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L' . .
PUBLISHED EVERY TUESDAY AND FRIDAY UN THE YEAR.
PARIS, BOURBON COUNTY, KENTUCKY, FRIDAY, NOVEMBER 3, 1922
A V K i. J & -Si
. i . .
HASS MEETING SUNDAY FOR
Mrs. 3fay Dixon, Thacker, wife of
Dr. J. Ernest Thacker, Assembly
Evangelist of the Southern Presby
terian church, who is at present
conducting a reviai meeting at the
Presbyterian church, will deliver a
lecture to women only at the church
Sunday afternoon, at three o'clock.
This address is to be delivered un
der auspices of the ladies of the
Presbyterian church, who earnestly
desire every woman in the city and
county to hear Mrs. Thacker. Her
subject for Sunday afternoon will be
"The Human Touch."
Mrs. Thacker is the youngest
member of the famous Dixon family
of North Carolina. She is a sister
of Rev. Thomas Dixon, author of
"The Leopard's Spots," "The Clans
man," "The Birth of a Nation," and
others: Dr. A. C. Dixon, noted
minister of the Baptist faith, former
pastor of the Spurgeon Tabernacle,
in London, Eng., and Frank Dixon,
a noted platform orator, who has
been heard here a number of times
on the Chautauqua circuit. Not
even her famous brothers have any
lead in the matter of intellectual
ity, culture, brilliancy and original
ity of thought and presentation.
Mrs. Thacker's address will be the
presentation of an important sub
ject for women, and it is hoped she
will be greeted by a large audience
o representative women of Bourbon.
It will be a tremendous inspiration
to those who attend to hear this
woman of such gifts, holding up
the life of Christian service as that
which towers above all other ways
MUNICIPAL HALLOWE'EN A
THE GRIDIRON FIELD
BOURBON LEGIONEBS TO AT
Members of Bourbon Post, Amer
ican Legion, will go to Lexington
to-morrow to take part in a recep
tion to be tendered Alvin M. Ows
ley, of Texas, National Commander
of the American Legion. Com
mander Owsley will deliver a speech
to the Legioners at eight o'clock
Saturday night in the Circuit Court
room of the Lexington court house.
Members of the Legion from all
over the State are expected to be
Following a social session -at the
Lafeyette Hotel, Saturday morning
a banquet will be tendered the guest
of honor, members of the Legion
and invited guests will be present.
The address of welcome to the dis-
inguished guest will be delivered
The municipal Hallowe'en festiv
ities held in tlhis city Tuesday night
under the joint auspices of the
Paris Commercial Club and the
Community Service was a decided
1 r k
success .in .am Particulars. The
weather was "Ydea'Vfor the "occasion
and the city was thronged with one
of the largest crowds ever seen here
on a like occasion filling ,the entire
square, which had been roped off so
'as to avoid vehicular traffic dis
turbing the celebrators.
The varied program was carried
out on the public square and on the
lawn surrounding the court house.
Masquerade costumes of every con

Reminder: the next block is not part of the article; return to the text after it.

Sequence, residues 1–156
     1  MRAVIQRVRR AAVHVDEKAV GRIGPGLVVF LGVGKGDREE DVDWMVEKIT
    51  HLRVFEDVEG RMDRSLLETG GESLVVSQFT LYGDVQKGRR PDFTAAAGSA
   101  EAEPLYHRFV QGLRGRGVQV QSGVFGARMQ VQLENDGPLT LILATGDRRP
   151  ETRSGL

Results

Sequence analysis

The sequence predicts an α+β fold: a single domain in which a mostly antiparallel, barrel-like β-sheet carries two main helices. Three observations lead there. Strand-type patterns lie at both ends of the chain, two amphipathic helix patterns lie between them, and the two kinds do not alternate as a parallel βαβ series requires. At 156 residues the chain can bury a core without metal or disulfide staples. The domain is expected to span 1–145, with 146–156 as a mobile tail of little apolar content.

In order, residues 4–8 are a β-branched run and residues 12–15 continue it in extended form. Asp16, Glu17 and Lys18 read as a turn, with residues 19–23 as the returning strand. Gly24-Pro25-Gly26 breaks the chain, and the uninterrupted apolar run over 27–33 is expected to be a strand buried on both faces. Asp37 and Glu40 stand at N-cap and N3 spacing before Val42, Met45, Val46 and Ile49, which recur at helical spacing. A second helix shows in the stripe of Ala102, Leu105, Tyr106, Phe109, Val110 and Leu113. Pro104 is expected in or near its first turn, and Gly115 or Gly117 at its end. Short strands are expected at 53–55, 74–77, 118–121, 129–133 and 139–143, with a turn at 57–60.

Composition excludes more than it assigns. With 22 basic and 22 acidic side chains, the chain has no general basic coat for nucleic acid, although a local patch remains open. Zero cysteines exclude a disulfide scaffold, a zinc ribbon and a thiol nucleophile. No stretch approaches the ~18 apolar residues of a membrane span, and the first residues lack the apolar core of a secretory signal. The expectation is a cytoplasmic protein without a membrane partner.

ceivable kind were worn by the
merry makers, and in marked con
trast to celebrations of - former
years there was not a single action
calling for interference of the po
The grand marcjh of the mas-
queraders formed on Broadway, and
headed bytihe Y. M. C. A. Boys'
Band, marched to Main,' in front
of the court house, where, they were
reviewed by the judges, Mrs. Wm. Gr.
Talbott, Mrs. James McClure, John
Davis and Harry Kerslake. Over
three hundred took part in the pa
rade. After due deliberation the
judgec awarded the prizes as fol
lows: Best historical costume,
$5.00, Miss Martha Hall; most com
ical costume. $5.00, Edward Faulk
ner; most original costume, $5.00,
Master Eward Blake.
Following the awarding of prizes
community games were playea on
the court house lawn, under , the
supervision of Mrs. J. C. Nickerson,
Miss Nell Robbins and Miss Mar
garet Santen, her assistants. The
children found the evening as en
joyable, or more so, than their eld
ers. The final event of the evening
was the distribution to the children
of candies, apples and Hallowe'en
Prizes for the best Hallowe'en
window displays were awarded as
follows: First prize, $15 to the J.
T. Hinton Co.; second, $10 to The
Leader Store; third, $5, to the A. J.
They have established a school for
porters. No course in the counting
of money is necessary.
by Mayor Bradley, and Clinton M.
Harbison will preside as toastmas
'THE PRIDE OF PARIS'
LOTS OF COATS IN THE INFANT
GIRLS AND JUNIOR SIZES
SIZ& TWO TO FIFTEEN
FUR TRIMMED AND PLAIN
Brown Nut Reindeer Mahogany Navy
Sorrento Pekin- Black Red Tan$pod
Rose and Mottled ;V "... '
In Broadcloth Suedine Bolivia Polo
Normandy Chinchilla and Novelty Cloths
Lasti Saturday Paris High School
played perhaps the best game she
has ever played in this city, and
to-day, (Friday) November 3,
when Paris meets the Newport
High School you may expect to see
a bitterly contested struggle. There
has never been as much interest in
football in Paris as there has been
to-day. This is due largely to the
splendid teams that Coach Ward is
developing, and also due to tlhe rap
id growth of the High School, which
gives the coach more material from
which to select the fleam.
This is Craig Tucker's four
and last year in High School foot
ball, and there is no doubt that he
played the best game of his career
against St. Xaviers. Friends of
football in this citty may expect to
see him repeat the brilliant per
formance to-day against the heavy
Nash, the one hundred and seven-ty-fivepound
full-back is also near
ing the close of his last season of
High School football. Nash was
ineligible last week, but will be in